Background: Interest in disordered sense of self in schizophrenia has recently re-emerged in the literature. It has been proposed that there is a basic self disturbance, underlying the diagnostic symptoms of schizophrenia, in which the person's sense of being a bounded individual continuous through time loses stability. This disturbance has been documented phenomenologically and at the level of cognitive tasks. However, the neural correlates of basic self disorder in schizophrenia are poorly understood. Methods: A search of PubMed was used to identify studies on self and schizophrenia that reported EEG or MEG data. Results: Thirty-three studies were identified, 32 using EEG and one using MEG. Their operationalizations of the self were divided into six paradigms: self-monitoring for errors, proprioception, self-other integration, self-referential processing, aberrant salience, and source monitoring. Participants with schizophrenia were less accurate on self-referential processing tasks and had slower response times across most studies. Event-related potential amplitudes differed across many early and late components, with reduced N100 suppression in source monitoring paradigms being the most replicated finding. Several studies found differences in one or more frequency band, but no coherent overall finding emerged in this area. Various other measures of brain dynamics also showed differences in single studies. Only some of the study designs were adequate to establish a causal relationship between the self and EEG or MEG measures. Conclusion: The broad range of changes suggests a global self disturbance at the neuronal level, possibly carried over from the resting state. Further studies that successfully isolate self-related effects are warranted to better understand the temporal-dynamic and spatial-topographic basis of self disorder and its relationship to basic self disturbance on the phenomenological level.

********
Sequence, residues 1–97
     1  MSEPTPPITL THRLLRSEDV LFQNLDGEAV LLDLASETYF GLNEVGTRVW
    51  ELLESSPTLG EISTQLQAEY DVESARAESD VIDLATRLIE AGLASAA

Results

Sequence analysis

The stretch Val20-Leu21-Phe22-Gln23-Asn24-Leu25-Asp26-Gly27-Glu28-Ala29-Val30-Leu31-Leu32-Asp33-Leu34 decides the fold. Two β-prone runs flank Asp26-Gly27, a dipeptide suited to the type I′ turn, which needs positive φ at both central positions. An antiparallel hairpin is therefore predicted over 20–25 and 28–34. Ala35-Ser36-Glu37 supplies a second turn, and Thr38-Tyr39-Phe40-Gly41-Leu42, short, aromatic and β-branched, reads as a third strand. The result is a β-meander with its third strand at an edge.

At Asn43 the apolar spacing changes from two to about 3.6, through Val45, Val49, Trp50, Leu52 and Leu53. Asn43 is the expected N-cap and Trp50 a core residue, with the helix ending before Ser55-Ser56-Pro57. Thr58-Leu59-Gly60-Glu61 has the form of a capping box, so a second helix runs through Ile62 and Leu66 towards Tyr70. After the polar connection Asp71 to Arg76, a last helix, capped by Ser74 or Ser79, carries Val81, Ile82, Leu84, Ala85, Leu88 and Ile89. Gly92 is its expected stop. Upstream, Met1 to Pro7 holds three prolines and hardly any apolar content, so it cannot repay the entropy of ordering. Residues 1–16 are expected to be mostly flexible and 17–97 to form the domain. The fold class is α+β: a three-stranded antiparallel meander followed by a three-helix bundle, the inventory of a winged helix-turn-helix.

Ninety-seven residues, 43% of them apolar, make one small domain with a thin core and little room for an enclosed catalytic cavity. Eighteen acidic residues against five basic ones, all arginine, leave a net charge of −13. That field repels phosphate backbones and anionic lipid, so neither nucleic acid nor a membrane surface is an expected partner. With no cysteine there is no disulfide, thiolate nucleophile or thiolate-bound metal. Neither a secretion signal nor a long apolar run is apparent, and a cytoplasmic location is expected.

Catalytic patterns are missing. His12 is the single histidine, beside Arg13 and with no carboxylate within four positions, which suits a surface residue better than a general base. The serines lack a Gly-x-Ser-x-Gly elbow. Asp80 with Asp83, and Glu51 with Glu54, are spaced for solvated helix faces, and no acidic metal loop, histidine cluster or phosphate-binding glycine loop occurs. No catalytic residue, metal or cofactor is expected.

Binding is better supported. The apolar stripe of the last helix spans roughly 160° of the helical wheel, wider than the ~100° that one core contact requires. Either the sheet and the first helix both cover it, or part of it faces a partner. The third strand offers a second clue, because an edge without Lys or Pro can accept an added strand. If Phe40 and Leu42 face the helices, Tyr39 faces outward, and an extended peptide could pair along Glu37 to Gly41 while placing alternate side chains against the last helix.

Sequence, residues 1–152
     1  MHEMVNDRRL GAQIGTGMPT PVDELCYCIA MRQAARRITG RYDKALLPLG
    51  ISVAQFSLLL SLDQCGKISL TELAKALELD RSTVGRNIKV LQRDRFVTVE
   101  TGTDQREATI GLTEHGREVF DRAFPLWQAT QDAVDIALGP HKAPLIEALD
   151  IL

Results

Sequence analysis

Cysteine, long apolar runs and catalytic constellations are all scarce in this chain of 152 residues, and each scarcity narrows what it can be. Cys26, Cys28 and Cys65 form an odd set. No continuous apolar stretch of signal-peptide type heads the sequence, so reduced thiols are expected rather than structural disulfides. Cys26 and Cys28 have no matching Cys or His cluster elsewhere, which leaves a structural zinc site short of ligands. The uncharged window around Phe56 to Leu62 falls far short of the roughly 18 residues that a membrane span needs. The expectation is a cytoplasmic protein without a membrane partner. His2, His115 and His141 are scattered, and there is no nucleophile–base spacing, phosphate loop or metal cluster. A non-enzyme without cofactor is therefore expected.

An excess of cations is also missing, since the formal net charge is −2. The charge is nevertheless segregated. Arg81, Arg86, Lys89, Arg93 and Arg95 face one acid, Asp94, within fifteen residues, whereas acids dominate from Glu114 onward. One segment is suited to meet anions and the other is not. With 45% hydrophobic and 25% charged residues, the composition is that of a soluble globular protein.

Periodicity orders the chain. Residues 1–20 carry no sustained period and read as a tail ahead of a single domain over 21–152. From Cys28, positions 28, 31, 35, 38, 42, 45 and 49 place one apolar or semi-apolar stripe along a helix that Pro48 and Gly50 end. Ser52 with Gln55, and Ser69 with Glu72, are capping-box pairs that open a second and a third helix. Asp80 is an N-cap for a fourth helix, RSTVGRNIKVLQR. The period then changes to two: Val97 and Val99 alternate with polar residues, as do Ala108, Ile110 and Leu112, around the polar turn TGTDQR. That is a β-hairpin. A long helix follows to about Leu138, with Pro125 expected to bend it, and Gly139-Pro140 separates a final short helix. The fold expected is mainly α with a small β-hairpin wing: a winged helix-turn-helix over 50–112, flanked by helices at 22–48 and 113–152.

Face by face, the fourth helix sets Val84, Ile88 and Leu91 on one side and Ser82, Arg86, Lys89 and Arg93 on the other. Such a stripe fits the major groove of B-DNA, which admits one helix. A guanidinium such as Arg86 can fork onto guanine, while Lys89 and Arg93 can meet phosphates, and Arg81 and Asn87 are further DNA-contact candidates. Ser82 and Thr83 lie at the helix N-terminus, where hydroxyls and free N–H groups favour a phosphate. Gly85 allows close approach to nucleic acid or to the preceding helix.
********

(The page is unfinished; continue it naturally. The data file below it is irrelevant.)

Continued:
ASJC Scopus subject areas